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At the “Exempt America” rally on Tuesday, Rep. Louis Gohmert managed to spread every tired lie about the Affordable Care Act in about two minutes. In call-and-reponse mode, he asked the crowd a series of (mis)leading questions that the assemblage answered with a shrill “Yes!”

Here is each lie, debunked for your convenience. Enjoy.

Was Obamacare passed against the will of the people?

Nope. It was passed by a president who won the largest landslide in two decades and a Democratic House and Senate with huge majorities. It was passed with more support than the Bush tax cuts and Medicare Part D, both of which were entirely unfunded. And the law had a mostly favorable perception in 2010 before Republicans spent hundreds of millions of dollars spreading misinformation about it.

Is Obamacare still against the will of American people?

Actually, most Americans want it implemented. Only 6 percent said they wanted to defund or delay it in a recent poll.

Does it take away your freedom to make decisions about health care?

No, you can still make any decision about health care you need. And soon more people will be able to afford more services. Obamacare requires that you have health insurance if you can afford it or pay a penalty. But taxpayers are currently paying that penalty in the cost of covering the uninsured in emergency rooms.

Of course, your insurance company can still try to deny you services as they do now. But Obamacare regulates their decisions based on a “Patients’ Bill of Rights.”

Does it put the government between you and your health care?

This is sort of true. It puts the government there to make sure your insurer can’t drop you and has to spend 80-85 percent of your premiums on actual care. It also makes sure that your health care covers your kids who are in school, until they’re 26.

Here we get to the central fallacy of the arguments against Obamacare — they’re more true about Medicare. But you don’t see Republicans ranting about Medicare in public. In fact, they ran — falsely — on protecting it, twice.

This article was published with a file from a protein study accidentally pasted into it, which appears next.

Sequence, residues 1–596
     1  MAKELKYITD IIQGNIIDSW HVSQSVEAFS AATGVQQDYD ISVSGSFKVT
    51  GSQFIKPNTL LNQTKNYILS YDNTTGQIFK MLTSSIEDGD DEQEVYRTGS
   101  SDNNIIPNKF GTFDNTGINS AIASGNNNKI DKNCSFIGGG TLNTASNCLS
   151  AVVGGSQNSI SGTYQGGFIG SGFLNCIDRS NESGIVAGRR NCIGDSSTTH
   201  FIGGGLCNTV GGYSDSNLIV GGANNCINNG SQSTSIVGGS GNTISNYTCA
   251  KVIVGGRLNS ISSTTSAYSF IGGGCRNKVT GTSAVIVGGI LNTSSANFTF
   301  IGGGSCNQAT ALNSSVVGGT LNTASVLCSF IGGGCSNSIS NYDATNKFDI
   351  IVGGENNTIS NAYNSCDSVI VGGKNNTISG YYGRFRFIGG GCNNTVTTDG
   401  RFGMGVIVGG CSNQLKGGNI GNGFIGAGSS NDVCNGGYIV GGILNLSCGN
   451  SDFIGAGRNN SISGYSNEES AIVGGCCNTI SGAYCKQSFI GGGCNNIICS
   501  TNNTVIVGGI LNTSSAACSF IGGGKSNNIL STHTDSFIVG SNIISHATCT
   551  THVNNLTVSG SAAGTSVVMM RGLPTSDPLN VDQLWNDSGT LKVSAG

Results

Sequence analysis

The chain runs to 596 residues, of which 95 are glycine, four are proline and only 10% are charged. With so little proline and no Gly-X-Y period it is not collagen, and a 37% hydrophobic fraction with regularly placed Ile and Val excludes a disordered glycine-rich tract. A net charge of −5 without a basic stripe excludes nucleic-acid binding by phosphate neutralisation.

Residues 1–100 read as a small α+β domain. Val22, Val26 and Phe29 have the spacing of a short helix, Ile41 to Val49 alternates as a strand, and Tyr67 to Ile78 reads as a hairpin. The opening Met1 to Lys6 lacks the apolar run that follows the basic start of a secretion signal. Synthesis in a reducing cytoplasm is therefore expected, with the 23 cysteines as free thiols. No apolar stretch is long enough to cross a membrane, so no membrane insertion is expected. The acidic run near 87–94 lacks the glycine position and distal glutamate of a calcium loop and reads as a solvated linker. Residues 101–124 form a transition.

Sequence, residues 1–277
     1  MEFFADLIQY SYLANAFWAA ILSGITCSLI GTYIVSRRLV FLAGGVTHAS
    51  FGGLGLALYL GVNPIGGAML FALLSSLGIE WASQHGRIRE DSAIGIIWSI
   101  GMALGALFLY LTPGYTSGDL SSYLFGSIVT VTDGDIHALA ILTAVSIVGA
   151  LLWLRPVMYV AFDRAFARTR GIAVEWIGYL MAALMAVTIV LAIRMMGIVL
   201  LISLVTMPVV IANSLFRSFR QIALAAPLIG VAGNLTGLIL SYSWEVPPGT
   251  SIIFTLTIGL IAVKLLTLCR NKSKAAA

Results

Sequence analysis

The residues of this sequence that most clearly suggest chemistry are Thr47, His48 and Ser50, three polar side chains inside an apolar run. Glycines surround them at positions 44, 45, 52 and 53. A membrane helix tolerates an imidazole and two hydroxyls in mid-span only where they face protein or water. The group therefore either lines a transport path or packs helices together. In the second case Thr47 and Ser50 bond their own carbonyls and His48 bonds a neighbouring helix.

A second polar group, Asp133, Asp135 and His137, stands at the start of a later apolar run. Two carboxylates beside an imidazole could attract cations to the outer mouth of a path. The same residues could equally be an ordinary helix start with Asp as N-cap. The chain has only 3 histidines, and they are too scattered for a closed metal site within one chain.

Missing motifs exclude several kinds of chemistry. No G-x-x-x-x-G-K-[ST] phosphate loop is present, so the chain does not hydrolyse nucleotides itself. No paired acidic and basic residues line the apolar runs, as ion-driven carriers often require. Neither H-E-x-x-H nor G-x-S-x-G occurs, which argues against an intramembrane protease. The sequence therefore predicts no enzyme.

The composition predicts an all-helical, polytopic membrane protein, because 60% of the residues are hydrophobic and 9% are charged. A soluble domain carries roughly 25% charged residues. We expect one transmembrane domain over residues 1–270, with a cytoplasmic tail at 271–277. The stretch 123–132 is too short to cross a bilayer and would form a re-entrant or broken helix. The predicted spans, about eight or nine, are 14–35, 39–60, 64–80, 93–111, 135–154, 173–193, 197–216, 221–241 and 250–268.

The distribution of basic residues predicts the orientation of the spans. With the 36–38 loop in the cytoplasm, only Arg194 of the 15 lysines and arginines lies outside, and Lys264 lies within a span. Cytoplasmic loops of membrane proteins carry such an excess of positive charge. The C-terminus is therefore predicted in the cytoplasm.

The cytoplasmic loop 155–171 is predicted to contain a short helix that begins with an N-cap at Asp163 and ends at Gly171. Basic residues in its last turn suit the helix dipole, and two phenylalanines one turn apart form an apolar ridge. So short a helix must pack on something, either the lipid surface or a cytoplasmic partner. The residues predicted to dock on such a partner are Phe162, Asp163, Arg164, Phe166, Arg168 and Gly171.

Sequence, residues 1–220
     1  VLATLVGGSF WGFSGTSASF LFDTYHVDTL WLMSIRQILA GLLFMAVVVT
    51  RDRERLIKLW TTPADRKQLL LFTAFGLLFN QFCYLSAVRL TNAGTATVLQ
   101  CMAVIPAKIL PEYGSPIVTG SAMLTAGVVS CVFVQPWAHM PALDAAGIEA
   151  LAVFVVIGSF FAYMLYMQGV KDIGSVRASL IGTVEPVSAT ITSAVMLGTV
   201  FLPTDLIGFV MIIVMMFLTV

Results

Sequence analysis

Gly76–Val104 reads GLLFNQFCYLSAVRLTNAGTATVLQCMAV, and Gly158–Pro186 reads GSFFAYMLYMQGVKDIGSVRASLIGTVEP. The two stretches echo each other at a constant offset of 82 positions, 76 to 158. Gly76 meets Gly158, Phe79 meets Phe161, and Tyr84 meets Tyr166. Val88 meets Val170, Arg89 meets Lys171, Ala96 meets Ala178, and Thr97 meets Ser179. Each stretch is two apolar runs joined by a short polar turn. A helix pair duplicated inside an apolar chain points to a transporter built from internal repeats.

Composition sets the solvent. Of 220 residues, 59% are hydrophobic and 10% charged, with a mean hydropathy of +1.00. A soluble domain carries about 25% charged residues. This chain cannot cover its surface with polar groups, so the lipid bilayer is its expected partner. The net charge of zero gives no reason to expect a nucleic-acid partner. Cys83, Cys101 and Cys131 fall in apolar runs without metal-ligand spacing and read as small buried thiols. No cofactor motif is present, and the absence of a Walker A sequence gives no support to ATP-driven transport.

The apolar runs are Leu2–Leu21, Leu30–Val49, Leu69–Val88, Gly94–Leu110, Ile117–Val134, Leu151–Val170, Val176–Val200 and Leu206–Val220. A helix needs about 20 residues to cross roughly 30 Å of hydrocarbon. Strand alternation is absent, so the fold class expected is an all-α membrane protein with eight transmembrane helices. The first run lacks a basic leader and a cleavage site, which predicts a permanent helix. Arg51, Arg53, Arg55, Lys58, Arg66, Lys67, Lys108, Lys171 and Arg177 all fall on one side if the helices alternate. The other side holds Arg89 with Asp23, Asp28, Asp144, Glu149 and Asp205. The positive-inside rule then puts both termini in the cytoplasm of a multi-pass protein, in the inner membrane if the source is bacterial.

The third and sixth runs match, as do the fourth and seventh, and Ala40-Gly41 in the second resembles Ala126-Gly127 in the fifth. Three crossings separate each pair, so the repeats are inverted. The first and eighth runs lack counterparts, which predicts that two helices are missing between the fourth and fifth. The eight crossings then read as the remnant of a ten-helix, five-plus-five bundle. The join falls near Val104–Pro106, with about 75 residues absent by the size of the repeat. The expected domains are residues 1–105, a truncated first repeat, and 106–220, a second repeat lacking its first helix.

Does it give the government information about every single aspect of your personal, private health?

No, all policies still have to adhere to the The Health Insurance Portability and Accountability Act. If you trust Medicare, Medicaid and veterans health care, you can trust Obamacare.

Does Obamacare violate your right to privacy?

No.

Can you count on the government to keep your physical health secrets?

Unless Edward Snowden gets ahold of them, your secrets are as safe with the government as with any private insurer.

Will Obamacare keep senior citizens from getting the services they need and deserve?

No. It’s added to Medicare’s benefits and lowered their prescription medicine costs.

Under Obamacare, will young people be saddled with the cost of everybody else?

No. Thanks to the coverage for students, tax credits, Medicaid expansion and the fact that most young people don’t earn that much, most young people won’t be paying anything or very much for health care. And nearly everyone in their twenties will see premiums far less than people in their 40s and 50s. If you’re young, out of school and earning more than 400 percent of the poverty level, you may be paying a bit more, but for better insurance.

Does Obamacare prevent the free exercise of your religious beliefs?

No. But it does stop you from forcing your beliefs on others. Employers that provide insurance have to offer policies that provide birth control to women. Religious organizations have been exempted from paying for this coverage but no one will ever be required to take birth control if their religion restricts it — they just can’t keep people from having access to this crucial, cost-saving medication for free.

Does it provide health care for people here illegally?

No.

So was Joe “You Lie!” Wilson right?

No.

Does Obamacare fund abortions?

You’re confusing it with Romneycare. Obamacare sticks to existing federal law for Medicaid that bars any funding of abortions, except in cases of rape, incest or to save the life of the mother.

defund

 

Photo: @oxdspalla via Twitter.com

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